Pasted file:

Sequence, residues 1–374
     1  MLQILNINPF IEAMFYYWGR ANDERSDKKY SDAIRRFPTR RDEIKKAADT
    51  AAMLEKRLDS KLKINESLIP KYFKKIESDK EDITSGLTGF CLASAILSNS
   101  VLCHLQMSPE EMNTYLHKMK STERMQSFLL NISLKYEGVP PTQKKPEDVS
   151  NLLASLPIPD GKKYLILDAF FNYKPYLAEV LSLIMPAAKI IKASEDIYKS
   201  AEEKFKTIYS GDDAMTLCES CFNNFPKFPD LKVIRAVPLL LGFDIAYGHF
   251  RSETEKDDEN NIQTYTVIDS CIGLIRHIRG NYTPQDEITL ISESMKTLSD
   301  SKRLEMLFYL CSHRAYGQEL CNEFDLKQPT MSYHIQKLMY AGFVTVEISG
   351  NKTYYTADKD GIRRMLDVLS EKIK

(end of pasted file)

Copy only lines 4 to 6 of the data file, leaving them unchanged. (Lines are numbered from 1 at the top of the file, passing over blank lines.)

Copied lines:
   101  VLCHLQMSPE EMNTYLHKMK STERMQSFLL NISLKYEGVP PTQKKPEDVS
   151  NLLASLPIPD GKKYLILDAF FNYKPYLAEV LSLIMPAAKI IKASEDIYKS
   201  AEEKFKTIYS GDDAMTLCES CFNNFPKFPD LKVIRAVPLL LGFDIAYGHF